If you’re not familiar with the term ordo salutis, it is Latin and means “order of salvation,” and is basically a framework for laying out the different parts and events of salvation in order. There are two common views on the ordo salutis, a Calvinistic one and an Arminian one. Here’s the a short version of the most common layout, with the differences between the two versions noted:
- Election/predestination — Chronologically, election happens before time. While Calvinists and Arminians disagree on what it means, they agree that it is before time.
- Atonement — With election decided, atonement is the next step. Christ died for the sins of the world (or just the elect, if you ask a Calvinist) and so purchased all of the remaining benefits.
- Conversion/regeneration — Next, upon the preaching of the Gospel, come conversion and regeneration. Calvinists believe that regeneration, being born again, comes first and causes faith and repentance. Arminians, on the other hand, hold that faith and repentance come first and lead to regeneration. (If anyone ever tells you “how you can be born again” by faith, that’s a rather Arminian statement. Calvinists say only God causes regeneration, and there is nothing you can do to cause it until the Spirit moves in you.)
- Justification — Justification follows conversion, with God declaring the sinner righteous on the basis of the faith which came about at conversion. At that moment you are given the verdict “righteous.”
- Sanctification — Following justification, one begins to progress in conformity to Christ’s image, a process called “sanctification.” This will continue until death.
- Glorification — Finally, at the resurrection when Christ returns, we are given fresh new bodies, a new share in God’s glory, and complete eternal life.
This all seems nice and tidy, but an argument can be made that this is a bit out of focus with the Biblical teaching. An Evangelical Calvinist alternative would look something like this:
- Election/predestination — God chooses humanity for Himself in Christ, and predestines Christ as the one in whom humanity is to be oriented, shaped, and glorified.
- Incarnation/atonement/justification/sanctification/glorification — From an EC perspective, the whole of salvation is fully accomplished in the life, death, resurrection, and ascension of Christ. In the Incarnation He became man like us and for us, so that He might do all of this on our behalf. He lived a sanctified, consecrated human life for us. He was publicly vindicated/justified in His resurrection, declared to be the Righteous One before the world. In His death He offered Himself as the set apart and just sacrifice by which the death of the natural man could be redeemed by sharing in His resurrection. In His ascension He was exalted to the right hand of the Father and given all authority, an authority which He will one day share with us.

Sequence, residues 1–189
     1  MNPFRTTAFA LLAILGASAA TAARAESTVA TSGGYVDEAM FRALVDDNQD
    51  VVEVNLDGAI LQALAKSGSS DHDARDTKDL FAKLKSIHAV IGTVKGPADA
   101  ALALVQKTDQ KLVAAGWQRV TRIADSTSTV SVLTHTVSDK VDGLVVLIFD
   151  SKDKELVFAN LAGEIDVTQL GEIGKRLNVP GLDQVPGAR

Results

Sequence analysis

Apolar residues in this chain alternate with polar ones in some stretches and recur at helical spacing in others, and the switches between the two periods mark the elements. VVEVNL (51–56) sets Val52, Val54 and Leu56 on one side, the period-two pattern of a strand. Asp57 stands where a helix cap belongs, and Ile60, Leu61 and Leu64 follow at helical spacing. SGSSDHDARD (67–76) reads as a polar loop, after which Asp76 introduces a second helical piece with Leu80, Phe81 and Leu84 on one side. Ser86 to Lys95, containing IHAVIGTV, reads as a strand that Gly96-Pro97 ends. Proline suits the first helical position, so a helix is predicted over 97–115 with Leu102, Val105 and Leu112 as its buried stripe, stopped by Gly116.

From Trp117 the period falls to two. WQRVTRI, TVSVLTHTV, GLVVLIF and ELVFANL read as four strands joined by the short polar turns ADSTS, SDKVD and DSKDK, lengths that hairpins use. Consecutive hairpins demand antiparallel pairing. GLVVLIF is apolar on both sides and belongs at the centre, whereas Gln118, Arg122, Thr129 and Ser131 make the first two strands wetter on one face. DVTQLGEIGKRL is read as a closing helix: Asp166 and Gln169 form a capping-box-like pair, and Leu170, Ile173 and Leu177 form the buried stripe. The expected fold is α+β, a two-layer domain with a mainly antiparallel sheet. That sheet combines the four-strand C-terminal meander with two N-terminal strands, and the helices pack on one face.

- Conversion/Union with Christ — With all of the rest of this accomplished, the Holy Spirit unites us to Christ and leads us to faith and repentance (realities also rooted in Christ’s faithful and sin-resisting life). It is this Spiritual union which imparts to us all of the realities mentioned before, allowing us to share in His justified, sanctified, and glorified life in the present.
- Consummation — Finally, when Christ returns, our share in His salvation life will no longer be partial, but complete. We will be like Him, for we will see Him as He is (1 Jn. 3:2). Our bodies and souls will enjoy full participation in everything He won for us once-for-all.
Sounds good, right? I thought so. I’m not going to elaborate that for now, but ultimately I think this conception is superior to and less artificial than the ordo salutis offered by the classical Calvinist/Arminian paradigm. Barth would agree. And I suspect Scripture would as well. (For recommended Scripture reading on this point, I would suggest reading closely together Romans, Hebrews, and 1 John.)